Reference Check Guidelines


Conducting reference checks is a crucial step in the recruitment process. A job offer should never be extended without checking the finalist’s references. Reference checks provide insight into a candidate’s past performance, which is a strong indicator of future success. Additionally, they help ensure better job matches and protect the investment made in a new hire.

General Guidelines

At the University of Florida, reference checks are mandatory for all recruiting efforts, whether the candidate is an external applicant or an internal university employee. Given that one-third of resumes and applications contain falsehoods, reference checking is essential to verify the accuracy of the provided information.

Follow these general guidelines for all reference checks:

  • References should confirm information from the application, resume, and candidate’s interview.
  • Treat all candidates fairly and consistently.
  • Request only relevant information related to the candidate’s skills and qualifications for the vacancy.
  • Disregard information that the provider lacks first-hand knowledge of or is unrelated to the candidate’s skills or performance.
  • Protect the confidentiality of the recruitment process and applicants’ privacy. Keep all information confidential.
  • Exercise caution when evaluating “off the record” comments.
  • Maintain documentation of your recruitment efforts for three years, including interview and reference check notes.

Number of Reference Checks

It’s recommended to check three references for each finalist, including current and past employers and professional references. Multiple references help identify consistency and patterns in comments about the finalist. The number of reference checks should match the years of experience required for the position.

Consent for Reference Checks

The candidate’s written authorization in the employment application serves as consent. Also, the list of provided references constitutes consent. It’s advisable to inform the candidate before contacting their references, especially when reaching out to their current employer, as it may affect their current position.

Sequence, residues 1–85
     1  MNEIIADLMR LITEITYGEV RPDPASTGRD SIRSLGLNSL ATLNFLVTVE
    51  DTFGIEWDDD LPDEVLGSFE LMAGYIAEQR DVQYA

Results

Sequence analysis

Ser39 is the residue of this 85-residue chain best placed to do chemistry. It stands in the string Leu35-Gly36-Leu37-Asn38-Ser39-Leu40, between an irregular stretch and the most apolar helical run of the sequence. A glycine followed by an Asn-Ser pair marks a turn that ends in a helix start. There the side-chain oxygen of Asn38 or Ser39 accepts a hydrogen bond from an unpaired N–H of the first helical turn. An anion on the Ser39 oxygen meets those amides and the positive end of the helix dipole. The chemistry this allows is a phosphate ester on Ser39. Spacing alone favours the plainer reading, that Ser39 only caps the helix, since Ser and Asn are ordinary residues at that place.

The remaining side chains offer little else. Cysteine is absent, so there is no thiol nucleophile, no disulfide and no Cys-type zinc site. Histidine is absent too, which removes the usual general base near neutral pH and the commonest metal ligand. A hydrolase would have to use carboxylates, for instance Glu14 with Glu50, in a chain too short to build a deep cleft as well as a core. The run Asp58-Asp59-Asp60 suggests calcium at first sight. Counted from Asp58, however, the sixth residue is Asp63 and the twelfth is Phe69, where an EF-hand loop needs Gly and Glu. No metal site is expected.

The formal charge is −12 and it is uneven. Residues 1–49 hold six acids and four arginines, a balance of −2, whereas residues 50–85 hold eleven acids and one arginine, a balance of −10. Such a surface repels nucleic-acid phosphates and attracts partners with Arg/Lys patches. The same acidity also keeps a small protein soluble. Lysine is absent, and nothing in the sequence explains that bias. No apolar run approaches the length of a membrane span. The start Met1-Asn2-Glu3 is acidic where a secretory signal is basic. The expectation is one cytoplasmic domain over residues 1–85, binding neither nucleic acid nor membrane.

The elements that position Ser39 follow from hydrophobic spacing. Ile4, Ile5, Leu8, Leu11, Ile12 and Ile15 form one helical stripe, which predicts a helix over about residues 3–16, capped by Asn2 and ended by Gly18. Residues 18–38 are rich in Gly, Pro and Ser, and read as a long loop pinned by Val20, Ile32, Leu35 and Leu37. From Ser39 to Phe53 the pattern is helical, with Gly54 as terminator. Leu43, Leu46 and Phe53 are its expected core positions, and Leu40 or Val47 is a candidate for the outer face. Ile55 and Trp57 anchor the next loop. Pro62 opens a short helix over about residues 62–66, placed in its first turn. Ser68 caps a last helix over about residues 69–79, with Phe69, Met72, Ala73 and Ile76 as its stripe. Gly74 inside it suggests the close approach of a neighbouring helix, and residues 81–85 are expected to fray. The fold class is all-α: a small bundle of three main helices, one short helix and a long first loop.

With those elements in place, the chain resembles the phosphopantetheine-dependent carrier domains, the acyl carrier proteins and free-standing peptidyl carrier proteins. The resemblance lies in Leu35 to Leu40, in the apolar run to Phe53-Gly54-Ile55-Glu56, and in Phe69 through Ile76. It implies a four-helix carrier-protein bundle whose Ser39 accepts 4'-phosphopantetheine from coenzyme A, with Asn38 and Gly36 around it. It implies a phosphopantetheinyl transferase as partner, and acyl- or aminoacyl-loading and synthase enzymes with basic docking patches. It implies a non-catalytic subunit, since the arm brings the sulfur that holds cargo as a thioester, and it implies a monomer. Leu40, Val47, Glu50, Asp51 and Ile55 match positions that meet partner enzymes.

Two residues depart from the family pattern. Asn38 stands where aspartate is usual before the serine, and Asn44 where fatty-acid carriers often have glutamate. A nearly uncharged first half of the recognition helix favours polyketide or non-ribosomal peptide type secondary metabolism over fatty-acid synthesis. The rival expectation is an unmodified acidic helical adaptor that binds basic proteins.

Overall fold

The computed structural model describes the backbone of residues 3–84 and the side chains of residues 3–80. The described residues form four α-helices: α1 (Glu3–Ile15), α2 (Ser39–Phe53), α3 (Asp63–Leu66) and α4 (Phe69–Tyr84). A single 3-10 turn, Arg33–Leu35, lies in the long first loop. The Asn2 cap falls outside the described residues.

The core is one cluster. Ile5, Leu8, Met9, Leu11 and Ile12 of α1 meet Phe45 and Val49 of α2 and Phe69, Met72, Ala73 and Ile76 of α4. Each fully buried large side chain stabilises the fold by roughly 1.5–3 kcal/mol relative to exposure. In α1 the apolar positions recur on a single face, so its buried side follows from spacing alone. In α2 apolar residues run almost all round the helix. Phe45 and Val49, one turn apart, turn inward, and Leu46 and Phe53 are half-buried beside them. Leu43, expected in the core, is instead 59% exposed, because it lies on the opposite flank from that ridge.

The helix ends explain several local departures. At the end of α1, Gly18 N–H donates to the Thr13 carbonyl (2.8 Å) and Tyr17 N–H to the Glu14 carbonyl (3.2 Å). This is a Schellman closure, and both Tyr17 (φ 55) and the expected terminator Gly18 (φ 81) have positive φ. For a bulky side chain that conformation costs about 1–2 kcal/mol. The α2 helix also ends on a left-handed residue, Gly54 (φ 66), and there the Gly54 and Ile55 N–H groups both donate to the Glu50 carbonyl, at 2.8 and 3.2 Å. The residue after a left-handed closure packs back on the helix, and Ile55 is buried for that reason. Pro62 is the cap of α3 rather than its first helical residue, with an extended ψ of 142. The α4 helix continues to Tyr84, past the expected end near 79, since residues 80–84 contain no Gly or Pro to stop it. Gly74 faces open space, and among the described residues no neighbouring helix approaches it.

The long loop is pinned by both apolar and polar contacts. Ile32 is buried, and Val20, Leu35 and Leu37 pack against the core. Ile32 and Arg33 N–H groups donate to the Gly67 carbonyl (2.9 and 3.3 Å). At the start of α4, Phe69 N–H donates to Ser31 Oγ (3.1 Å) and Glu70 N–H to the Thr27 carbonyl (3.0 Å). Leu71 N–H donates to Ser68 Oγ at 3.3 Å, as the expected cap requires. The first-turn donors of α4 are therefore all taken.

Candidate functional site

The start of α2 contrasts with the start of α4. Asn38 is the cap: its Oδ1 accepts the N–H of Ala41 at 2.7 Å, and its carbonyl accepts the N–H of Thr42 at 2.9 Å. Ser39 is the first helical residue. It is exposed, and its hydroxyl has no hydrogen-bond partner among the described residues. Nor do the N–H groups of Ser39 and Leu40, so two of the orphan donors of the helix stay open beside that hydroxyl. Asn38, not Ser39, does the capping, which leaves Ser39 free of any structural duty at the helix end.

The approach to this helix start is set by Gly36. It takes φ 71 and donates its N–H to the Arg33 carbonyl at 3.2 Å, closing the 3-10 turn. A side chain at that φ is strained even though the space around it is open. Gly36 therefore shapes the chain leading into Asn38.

Performing Reference Checks and Experience Verification

Prior to extending a job offer, the hiring department should verify that the final candidate meets the minimum experience required for the position by checking references.

Experience Verification

Candidates are considered qualified based on their resume information. Verification of education and experience typically occurs after identifying finalists for specific vacancies. Talent Acquisition & Onboarding handles educational credentials and criminal background checks, but the department is responsible for verifying work experience through reference checks.

Experience Verification Form and Calculator

Use the worksheet to calculate work experience.

Frequently Asked Questions

If you have questions, here are some answers to FAQs.

  • Is basic reference information useful?
    • Yes, basic reference checks confirm essential details like dates of employment, job title, pay, and rehire eligibility. While evaluative information is ideal, basic confirmation is valuable.
  • Do I need to check references if I know the candidate personally?
    • Yes, reference checks are necessary for all candidates, regardless of personal acquaintance or coworker familiarity.
  • If I receive a negative evaluation, should I disqualify the candidate?
    • No, negative comments should be carefully considered. Ask for specific examples and check additional references for a comprehensive view.
  • Can I contact the candidate’s current UF supervisor?
    • Yes, contact the current UF supervisor for valuable insights. Inform the candidate if you plan to do so.
  • Do I need to verify education as well as experience?
    • No, Talent Acquisition & Onboarding verifies education. Forward any provided educational documents to the Core HR recruiter.
  • What questions are illegal?
    • Ask objective questions directly related to job performance and duties. Avoid discriminatory questions.
  • With whom should I share reference information?
    • Keep reference information confidential, accessible only to relevant parties in the recruitment and hiring process.
  • Does the law protect employers who provide references?
    • Yes, employers disclosing information to prospective employers are immune from civil liability, per Section 768.095, Florida Statutes.
  • What is “defamation of character?”
    • Defamation is false, injurious communication about an employee. Employers should provide truthful reference information without malicious intent or discrimination.
  • Isn’t it almost impossible to get a bad reference due to liability concerns?
    • It’s still possible to obtain less positive information. Evaluate comments in relation to the qualities and skills you seek.
  • What is “negligent hiring?”
    • Negligent hiring is the failure to adequately check references or gather relevant information about a hired candidate. Reference checks are crucial to prevent repeated negative behavior.